If you’ve ever had a doubt about how meticulous Nike’s branding team are, have a look at this brand manual for just one division of the Nike group. Nike Pro Services is an elite invitation-only service offered by Nike that offers runners access to expert opinions and services usually reserved for professional athletes. Designed by Manual Creative, this manual is one that manages to walk that fine line between beautifully designed and densely packed with information. Check it out here.(opens in a new tab or window)

Nike Pro Services Guidelines

Give your brand guideline class and flair with the Black and White Minimalist Brand Guidelines Presentation template.

34. Offroad Films

This style guide for Offroad Films puts the content in the forefront with big graphics and minimal type. Check out the huge block of color to signify Offroad Films’ signature color, and the large graphics that are left to speak for themselves. This brand manual keeps things simple and minimal with scale playing a large factor in communicating each item’s importance. Browse through this manual via Ink Inc.(opens in a new tab or window)

Offroad Films by Ink Inc.

35. Ollo

Something to keep in mind when putting together your style guide is keeping a balance between visual content and informative content.

A good example that does this successfully is Ollo’s style guide. Each page that is packed with information is complemented with another page of visual examples. Not only does this keep the manual from being overwhelming, it helps integrate the examples in a more easily digestible way. Check out the Ollo brand manual at Bibliothèque Designs.(opens in a new tab or window)

Ollo by Bibliothèque Designs

36. Optus

Have you had a custom typeface created for your brand? Or are you using a typeface in a specific way? If you are, it’s a good idea to provide some guidelines as to how somebody should ideally use it.

Phone company Optus rebranded themselves in the previous few years, moving from a corporate aesthetic to one that is “brutally non-corporate”, and with that came a two custom typeface. Since these typefaces are more organic and handcrafted, each letter has 3 alternatives to avoid repeating letterforms and make written communications appear hand written. This typeface is given specific instructions and examples for use throughout the manual to ensure proper and consistent use. If there are any specific settings or techniques to any of your brand elements, be sure to specify them in as much detail as necessary. Have a read of the Optus manual via Behance.(opens in a new tab or window)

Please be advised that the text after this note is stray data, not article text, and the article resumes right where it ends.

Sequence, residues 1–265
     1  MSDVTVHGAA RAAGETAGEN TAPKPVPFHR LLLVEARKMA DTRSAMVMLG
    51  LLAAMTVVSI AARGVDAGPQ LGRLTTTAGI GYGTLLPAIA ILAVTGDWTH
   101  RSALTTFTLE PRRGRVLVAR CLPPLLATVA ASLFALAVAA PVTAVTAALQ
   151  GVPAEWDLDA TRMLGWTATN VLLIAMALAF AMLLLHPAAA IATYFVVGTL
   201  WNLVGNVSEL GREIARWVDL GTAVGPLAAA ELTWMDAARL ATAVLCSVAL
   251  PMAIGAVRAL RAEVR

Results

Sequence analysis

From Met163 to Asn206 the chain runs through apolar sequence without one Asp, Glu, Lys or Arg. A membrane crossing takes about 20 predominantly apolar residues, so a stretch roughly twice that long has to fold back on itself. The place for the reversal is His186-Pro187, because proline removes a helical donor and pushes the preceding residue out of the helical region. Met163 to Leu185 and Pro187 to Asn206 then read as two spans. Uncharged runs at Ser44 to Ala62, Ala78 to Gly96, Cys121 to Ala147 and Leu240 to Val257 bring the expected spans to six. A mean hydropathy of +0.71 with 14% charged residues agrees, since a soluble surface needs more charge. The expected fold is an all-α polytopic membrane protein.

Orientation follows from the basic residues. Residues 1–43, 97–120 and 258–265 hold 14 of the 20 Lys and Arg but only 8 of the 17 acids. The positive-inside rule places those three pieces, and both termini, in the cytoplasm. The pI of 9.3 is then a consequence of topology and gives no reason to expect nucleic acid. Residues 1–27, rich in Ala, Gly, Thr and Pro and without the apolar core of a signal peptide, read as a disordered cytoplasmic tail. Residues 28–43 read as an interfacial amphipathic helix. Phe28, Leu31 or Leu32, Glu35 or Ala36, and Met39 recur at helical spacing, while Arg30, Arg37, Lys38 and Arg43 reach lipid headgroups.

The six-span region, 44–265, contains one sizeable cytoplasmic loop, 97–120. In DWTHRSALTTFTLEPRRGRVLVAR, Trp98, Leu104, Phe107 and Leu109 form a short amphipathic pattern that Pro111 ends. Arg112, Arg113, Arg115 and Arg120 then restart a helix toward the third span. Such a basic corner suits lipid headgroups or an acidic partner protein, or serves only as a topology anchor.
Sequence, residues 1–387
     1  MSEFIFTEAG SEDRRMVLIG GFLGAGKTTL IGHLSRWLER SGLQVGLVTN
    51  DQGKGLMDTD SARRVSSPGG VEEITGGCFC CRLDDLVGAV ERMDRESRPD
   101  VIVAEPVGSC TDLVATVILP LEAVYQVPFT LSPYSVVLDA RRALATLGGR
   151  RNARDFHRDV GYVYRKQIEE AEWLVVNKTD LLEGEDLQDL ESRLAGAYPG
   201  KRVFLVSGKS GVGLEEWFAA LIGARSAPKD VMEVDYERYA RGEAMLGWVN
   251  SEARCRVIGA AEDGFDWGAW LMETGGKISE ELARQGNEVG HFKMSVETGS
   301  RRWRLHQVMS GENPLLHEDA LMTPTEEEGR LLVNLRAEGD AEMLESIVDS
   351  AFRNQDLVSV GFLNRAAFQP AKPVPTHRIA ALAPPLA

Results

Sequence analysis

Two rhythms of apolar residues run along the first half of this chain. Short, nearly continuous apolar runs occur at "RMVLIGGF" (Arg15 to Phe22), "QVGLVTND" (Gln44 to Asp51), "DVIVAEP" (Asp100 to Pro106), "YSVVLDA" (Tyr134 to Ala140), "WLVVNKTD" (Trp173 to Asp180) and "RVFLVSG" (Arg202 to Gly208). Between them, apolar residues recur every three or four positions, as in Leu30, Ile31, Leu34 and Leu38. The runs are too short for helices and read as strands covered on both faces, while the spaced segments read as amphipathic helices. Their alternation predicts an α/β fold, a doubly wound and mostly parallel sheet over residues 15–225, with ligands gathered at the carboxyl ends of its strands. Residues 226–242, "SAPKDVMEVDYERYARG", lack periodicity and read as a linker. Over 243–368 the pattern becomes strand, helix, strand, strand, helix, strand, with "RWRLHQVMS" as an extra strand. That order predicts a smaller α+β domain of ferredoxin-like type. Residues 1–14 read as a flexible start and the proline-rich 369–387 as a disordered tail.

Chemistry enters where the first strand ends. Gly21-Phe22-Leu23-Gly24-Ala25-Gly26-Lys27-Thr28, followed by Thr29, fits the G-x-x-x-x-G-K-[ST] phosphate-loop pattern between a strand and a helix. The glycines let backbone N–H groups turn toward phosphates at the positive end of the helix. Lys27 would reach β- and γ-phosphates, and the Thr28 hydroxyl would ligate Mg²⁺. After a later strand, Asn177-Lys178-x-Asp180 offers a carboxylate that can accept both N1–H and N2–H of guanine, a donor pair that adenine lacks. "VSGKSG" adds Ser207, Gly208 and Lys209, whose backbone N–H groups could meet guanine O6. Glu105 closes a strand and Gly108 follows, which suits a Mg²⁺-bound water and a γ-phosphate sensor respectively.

Optus Rebrand by Re:

37. Irish Red Cross

Sometimes bigger is better when it comes to style guide information. Be sure to check out this style guide for the Irish Red Cross, where each element is given a large scale, and yet the overall layout remains minimal and simple with plenty of room to breathe – both these factors drawing attention to the focus of each page. The Red Cross covers all branding bases in this simply designed style guide, that is definitely one to look at for inspiration on both style guide compilation as well as style guide design. Get inspired with this manual via Creative Inc.(opens in a new tab or window)

Irish Red Cross Brand Guidelines by Creative Inc.

38. Royal Mail

This style guide is a simple two page set of guidelines completed as a ‘rethink’ of the Royal Mail guidelines. While it’s not an official guide, the two pages manage to communicate the tone, aesthetic, and overall brand of this version of Royal Mail. For those of you keen on producing a brand manual, but aren’t keen on delving deep into detail, this is a great starting point, with all the basic elements of a brand – logotype, brand mark, signatures, color, typography and vehicle livery – captured in just two pages. Have a closer look at the Royal Mail ‘rethik’ via Identity Designed(opens in a new tab or window).

Royal Mail by Mash Creative

39. Skype

We’ve discussed how your manual’s layout and design should somewhat reflect your brand, but what about the text? Chances are your style guide has quite a bit of type within it for instructions and explanations, so a good way to strengthen your brand’s tone of voice is through these instructions.

Skype’s brand manual does just this, interjecting a little humor, and a colloquial and friendly tone into the explanations through instructions that are worded like “Never abuse our logo, it doesn’t have arms so it can’t fight back (our lawyers however, are another story).” Figure out your brand’s tone and consider introducing this to the manual in a unique way that doesn’t compromise the information but enhances it.

How We Look by Skype

40. Sony

For another example of just how meticulous certain brands are, here’s an entire style guide dedicated to Sony’s tagline “like.no.other”. This manual runs down clearance space, positioning, sizing, background and type color combinations, dimensions, it goes into unbelievable detail about each facet of the tagline, putting great importance on its construction and display.

Sony Name and Logo Guidelines for Advertising by Sony

41. Stihl